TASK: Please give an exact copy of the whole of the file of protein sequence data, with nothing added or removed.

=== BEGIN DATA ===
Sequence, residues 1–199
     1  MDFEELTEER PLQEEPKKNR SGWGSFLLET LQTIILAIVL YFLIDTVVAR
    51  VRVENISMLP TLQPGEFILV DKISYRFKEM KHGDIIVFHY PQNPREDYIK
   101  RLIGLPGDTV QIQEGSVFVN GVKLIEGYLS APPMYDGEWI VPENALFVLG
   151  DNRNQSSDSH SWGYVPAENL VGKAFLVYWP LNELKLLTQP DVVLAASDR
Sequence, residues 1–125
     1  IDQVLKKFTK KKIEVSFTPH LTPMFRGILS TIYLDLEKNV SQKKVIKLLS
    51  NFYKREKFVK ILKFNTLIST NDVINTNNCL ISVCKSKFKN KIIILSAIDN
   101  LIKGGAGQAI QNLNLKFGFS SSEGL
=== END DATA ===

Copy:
Sequence, residues 1–199
     1  MDFEELTEER PLQEEPKKNR SGWGSFLLET LQTIILAIVL YFLIDTVVAR
    51  VRVENISMLP TLQPGEFILV DKISYRFKEM KHGDIIVFHY PQNPREDYIK
   101  RLIGLPGDTV QIQEGSVFVN GVKLIEGYLS APPMYDGEWI VPENALFVLG
   151  DNRNQSSDSH SWGYVPAENL VGKAFLVYWP LNELKLLTQP DVVLAASDR
Sequence, residues 1–125
     1  IDQVLKKFTK KKIEVSFTPH LTPMFRGILS TIYLDLEKNV SQKKVIKLLS
    51  NFYKREKFVK ILKFNTLIST NDVINTNNCL ISVCKSKFKN KIIILSAIDN
   101  LIKGGAGQAI QNLNLKFGFS SSEGL